10. Reboot the System

    Nothing to say here. You're better off if you do what the man says.

    At this point the system restarts with the freshly installed 2.2.20 kernel. After the reboot is complete, it fires up your favorite blue text-based installer. First you are asked some questions pertaining to the date and time zone and then some security questions. If you're not sure what to answer, go with the defaults. Finally, it asks some basic password and user creation questions and then goes back to the topic-based install process.

  11. Shall I Remove PCMCIA Packages?

    If you are not using any PCMCIA devices, remove these packages. Its easy to add them later if you need them.

  12. Do You Want to Use a PPP Connection to Install the System?

    It is not out of the question to do a full Linux install over a 56k modem. Personally I don't have the patience, and I know many other people feel the same. If you don't plan to, say No.

  13. Choose a Method apt Should Use to Access the Debian Archive

    This is where things get tricky. If you were setting up a Woody system, now would be the time when you would configure your apt sources and run tasksel. But because we're setting up a Sid system, this is the point when we start changing things. When asked this question, select Cancel. Then you are asked to run tasksel or dselect; choose No. This halts the install. You then are asked a couple of package configuration questions and then dropped to a login prompt.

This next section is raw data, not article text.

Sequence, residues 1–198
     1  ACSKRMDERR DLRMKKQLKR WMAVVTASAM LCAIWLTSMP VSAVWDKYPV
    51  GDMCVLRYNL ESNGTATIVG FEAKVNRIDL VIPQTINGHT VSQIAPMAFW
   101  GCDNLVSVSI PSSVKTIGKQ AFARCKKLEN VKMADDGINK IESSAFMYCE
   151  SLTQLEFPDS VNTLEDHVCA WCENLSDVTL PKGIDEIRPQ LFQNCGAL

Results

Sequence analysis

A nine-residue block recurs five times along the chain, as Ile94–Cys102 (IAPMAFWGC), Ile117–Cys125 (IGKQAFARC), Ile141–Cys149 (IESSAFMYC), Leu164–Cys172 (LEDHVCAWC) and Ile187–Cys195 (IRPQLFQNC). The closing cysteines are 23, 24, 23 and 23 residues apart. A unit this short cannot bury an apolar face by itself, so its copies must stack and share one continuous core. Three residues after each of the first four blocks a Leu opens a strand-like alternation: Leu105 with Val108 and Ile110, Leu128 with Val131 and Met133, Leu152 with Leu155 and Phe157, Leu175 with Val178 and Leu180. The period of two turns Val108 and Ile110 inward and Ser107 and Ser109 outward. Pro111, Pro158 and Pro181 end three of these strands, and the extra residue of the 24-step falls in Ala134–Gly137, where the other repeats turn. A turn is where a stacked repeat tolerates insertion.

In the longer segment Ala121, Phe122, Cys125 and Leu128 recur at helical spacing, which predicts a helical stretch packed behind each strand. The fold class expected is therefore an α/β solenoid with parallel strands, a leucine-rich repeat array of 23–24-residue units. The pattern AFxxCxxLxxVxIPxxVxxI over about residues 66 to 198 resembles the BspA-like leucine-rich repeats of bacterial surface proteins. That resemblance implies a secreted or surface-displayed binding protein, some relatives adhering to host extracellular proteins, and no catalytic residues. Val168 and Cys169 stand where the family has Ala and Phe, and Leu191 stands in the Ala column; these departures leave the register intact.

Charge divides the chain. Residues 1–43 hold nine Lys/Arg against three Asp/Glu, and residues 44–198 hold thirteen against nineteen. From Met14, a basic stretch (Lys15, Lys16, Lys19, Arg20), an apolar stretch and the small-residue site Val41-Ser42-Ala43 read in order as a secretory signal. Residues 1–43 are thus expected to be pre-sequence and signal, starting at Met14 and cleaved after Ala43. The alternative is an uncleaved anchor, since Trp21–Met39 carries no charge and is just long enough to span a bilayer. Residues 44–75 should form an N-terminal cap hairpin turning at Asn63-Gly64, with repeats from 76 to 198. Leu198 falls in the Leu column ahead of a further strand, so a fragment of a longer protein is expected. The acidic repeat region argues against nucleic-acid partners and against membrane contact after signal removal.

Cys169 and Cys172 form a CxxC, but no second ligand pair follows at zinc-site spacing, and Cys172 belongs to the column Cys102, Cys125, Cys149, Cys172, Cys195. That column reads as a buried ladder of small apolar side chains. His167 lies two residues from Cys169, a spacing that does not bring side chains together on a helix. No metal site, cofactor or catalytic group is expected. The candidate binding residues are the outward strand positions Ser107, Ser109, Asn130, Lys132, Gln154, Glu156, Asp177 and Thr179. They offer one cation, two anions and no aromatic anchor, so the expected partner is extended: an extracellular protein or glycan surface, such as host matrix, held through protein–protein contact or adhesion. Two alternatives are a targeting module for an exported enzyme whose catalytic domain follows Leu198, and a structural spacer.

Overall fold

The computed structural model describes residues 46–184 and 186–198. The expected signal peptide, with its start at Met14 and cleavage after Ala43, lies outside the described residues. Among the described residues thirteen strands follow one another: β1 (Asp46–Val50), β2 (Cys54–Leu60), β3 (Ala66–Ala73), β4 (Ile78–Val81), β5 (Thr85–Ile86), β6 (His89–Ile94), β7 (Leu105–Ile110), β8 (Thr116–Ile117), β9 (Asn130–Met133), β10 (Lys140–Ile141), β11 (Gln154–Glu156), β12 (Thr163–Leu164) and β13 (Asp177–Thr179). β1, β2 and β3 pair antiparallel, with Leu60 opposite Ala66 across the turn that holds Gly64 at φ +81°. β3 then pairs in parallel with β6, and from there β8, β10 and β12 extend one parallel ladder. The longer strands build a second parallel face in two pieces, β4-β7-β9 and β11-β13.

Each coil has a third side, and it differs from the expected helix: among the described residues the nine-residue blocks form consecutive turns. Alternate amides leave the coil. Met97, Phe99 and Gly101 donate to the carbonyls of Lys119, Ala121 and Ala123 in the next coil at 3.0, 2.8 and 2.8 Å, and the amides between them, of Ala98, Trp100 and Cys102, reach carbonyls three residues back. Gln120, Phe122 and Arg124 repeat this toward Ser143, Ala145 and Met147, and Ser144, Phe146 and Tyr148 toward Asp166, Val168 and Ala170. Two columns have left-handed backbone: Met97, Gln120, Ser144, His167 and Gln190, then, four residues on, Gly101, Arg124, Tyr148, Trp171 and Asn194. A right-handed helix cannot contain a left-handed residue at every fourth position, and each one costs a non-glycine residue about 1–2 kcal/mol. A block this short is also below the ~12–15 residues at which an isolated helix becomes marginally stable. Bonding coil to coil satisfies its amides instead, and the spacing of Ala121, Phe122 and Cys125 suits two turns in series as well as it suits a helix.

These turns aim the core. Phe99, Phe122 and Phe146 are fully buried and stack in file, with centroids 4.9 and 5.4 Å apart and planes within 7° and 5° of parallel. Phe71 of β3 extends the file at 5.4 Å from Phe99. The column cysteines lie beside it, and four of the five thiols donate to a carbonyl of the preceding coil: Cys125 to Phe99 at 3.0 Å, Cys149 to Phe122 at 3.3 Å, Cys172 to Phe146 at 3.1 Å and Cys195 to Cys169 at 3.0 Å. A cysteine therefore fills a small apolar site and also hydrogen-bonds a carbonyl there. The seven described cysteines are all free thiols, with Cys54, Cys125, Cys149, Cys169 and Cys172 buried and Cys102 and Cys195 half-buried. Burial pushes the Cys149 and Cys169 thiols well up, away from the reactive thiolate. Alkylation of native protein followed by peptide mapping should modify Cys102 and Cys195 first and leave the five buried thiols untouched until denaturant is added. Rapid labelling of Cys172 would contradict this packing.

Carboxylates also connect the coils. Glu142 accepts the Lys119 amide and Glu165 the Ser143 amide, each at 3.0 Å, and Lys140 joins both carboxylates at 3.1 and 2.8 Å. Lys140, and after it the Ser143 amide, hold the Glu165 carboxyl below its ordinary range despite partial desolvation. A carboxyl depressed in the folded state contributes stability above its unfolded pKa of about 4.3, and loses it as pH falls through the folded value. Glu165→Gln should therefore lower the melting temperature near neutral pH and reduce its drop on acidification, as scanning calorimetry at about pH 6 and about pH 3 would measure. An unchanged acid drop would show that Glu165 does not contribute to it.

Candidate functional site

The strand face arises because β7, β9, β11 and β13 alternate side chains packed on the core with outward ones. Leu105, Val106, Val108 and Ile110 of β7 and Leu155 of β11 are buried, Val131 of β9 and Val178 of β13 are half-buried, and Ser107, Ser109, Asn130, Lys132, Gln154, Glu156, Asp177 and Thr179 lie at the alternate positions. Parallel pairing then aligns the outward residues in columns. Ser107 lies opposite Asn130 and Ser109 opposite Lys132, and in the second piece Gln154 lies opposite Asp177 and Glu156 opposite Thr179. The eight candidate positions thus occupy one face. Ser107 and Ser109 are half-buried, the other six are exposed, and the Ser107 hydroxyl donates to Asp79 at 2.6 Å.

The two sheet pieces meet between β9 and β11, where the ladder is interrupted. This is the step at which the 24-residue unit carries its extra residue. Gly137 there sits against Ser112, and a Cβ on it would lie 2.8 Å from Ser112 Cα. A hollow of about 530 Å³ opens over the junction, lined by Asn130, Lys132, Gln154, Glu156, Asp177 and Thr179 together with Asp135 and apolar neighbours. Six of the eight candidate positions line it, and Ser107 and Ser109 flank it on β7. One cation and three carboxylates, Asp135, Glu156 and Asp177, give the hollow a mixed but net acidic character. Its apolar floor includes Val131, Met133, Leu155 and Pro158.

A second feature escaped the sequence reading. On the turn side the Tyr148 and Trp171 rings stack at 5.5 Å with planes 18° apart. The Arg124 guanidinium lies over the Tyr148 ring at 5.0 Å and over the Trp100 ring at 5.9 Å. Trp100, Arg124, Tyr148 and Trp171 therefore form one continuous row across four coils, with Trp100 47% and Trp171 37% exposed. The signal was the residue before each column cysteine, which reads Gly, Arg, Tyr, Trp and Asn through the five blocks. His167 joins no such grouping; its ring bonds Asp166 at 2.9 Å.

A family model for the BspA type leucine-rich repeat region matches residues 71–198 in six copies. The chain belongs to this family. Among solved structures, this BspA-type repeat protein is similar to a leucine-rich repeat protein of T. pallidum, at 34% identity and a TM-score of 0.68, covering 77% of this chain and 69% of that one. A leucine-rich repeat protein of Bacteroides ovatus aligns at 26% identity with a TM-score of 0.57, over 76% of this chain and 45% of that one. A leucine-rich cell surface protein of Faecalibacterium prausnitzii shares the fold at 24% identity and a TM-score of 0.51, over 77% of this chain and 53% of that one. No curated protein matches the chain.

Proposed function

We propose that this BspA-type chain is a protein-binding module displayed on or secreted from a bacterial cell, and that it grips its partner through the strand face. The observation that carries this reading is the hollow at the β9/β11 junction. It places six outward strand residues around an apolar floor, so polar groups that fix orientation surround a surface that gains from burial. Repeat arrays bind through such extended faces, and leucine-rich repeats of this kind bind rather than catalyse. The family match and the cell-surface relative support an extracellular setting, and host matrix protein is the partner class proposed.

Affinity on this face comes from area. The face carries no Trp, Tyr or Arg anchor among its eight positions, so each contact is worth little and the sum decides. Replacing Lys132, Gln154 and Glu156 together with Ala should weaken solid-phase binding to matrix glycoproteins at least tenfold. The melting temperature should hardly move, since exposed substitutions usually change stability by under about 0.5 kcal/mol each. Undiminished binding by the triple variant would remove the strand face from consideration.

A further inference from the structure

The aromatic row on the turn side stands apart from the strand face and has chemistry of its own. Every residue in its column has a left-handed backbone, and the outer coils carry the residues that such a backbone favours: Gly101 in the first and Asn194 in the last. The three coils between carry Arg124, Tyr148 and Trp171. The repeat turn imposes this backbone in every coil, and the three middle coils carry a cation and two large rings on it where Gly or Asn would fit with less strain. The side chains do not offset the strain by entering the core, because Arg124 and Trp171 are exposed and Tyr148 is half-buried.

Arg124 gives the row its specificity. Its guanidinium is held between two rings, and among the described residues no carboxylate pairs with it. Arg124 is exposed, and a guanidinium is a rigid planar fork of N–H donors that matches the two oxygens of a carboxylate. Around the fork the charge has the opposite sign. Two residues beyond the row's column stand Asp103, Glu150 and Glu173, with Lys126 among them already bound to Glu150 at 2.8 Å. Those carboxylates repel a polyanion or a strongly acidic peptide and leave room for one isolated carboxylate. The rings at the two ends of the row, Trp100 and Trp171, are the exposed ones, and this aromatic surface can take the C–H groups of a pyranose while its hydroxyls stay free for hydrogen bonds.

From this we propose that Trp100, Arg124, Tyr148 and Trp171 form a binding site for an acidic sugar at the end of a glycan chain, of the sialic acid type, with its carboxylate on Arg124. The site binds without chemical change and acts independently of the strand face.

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Swap size

Anonymous's picture

For a laptop with more than 256MB of RAM, don't make a swap partition at all. Swap activity prevents your disk from spinning down, and uses more juice from the batteries. (OTOH, swapping out some big program that you're not using right then could let the kernel cache more data, maybe preventing some disk accesses from what you're doing.) If you ever need a ton of virtual memory, dd if=/dev/zero of=/var/tmp/swap bs=1024k count=n; mkswap /var/tmp/swap;swapon /var/tmp/swap.

To let your HD spin down more, mount your filesystems with noatime. Then the kernel won't update the atime in the inodes of files you read. This means reading files can result in _no_ disk accesses if they were in the cache.

On a modern desktop, you don't need swap=2xRAM. That's just dumb when you have 512MB or 1GB of RAM. Why would you commit 2GB of disk space to swap, permanently? 64MB or 128MB is a good size for a desktop swap partition. That puts a limit on how much the kernel can swap out, so it won't take forever to swap it all back in when you come back to your X session after samba took up all the RAM with disk cache. If you use tmpfs for /tmp, you might well want 256MB of swap, but even 64MB should be enough for tmpfs if you don't put huge files there. (put them in /var/tmp instead, or something like that.) Again, if you need a ton of VM for something, make a swap file. That's slightly slower, but much more flexible than a swap partition.

re:Setting Up a Base Linux Install on a Laptop

Wichser Starr's picture

I'm not sure it's superior knowledge, just common sense. Imagine how difficult
consumer items we take for granted (cars, appliances, consumer electronics)
would be to use if they only came in kit form. I currently have an unassembled
desk and chest of drawers laying in boxes because it takes a while to read
through the instructions to figure out how to assemble properly.

I do routine maintenance on my car. However when the timing belt broke, I